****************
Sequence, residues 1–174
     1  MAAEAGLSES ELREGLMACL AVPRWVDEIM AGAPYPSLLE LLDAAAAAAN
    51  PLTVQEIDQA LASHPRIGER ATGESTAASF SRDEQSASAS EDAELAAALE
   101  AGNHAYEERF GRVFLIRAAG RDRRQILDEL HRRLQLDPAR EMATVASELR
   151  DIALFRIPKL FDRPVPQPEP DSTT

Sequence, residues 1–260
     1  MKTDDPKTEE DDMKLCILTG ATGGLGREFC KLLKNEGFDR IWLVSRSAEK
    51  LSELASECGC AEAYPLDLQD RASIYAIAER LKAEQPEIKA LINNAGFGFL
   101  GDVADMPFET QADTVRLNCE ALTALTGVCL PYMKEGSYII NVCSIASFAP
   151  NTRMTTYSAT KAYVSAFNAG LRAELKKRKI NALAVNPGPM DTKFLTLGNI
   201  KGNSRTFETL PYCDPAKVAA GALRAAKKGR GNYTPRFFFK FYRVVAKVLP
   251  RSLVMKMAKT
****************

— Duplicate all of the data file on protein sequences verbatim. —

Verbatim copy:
Sequence, residues 1–174
     1  MAAEAGLSES ELREGLMACL AVPRWVDEIM AGAPYPSLLE LLDAAAAAAN
    51  PLTVQEIDQA LASHPRIGER ATGESTAASF SRDEQSASAS EDAELAAALE
   101  AGNHAYEERF GRVFLIRAAG RDRRQILDEL HRRLQLDPAR EMATVASELR
   151  DIALFRIPKL FDRPVPQPEP DSTT

Sequence, residues 1–260
     1  MKTDDPKTEE DDMKLCILTG ATGGLGREFC KLLKNEGFDR IWLVSRSAEK
    51  LSELASECGC AEAYPLDLQD RASIYAIAER LKAEQPEIKA LINNAGFGFL
   101  GDVADMPFET QADTVRLNCE ALTALTGVCL PYMKEGSYII NVCSIASFAP
   151  NTRMTTYSAT KAYVSAFNAG LRAELKKRKI NALAVNPGPM DTKFLTLGNI
   201  KGNSRTFETL PYCDPAKVAA GALRAAKKGR GNYTPRFFFK FYRVVAKVLP
   251  RSLVMKMAKT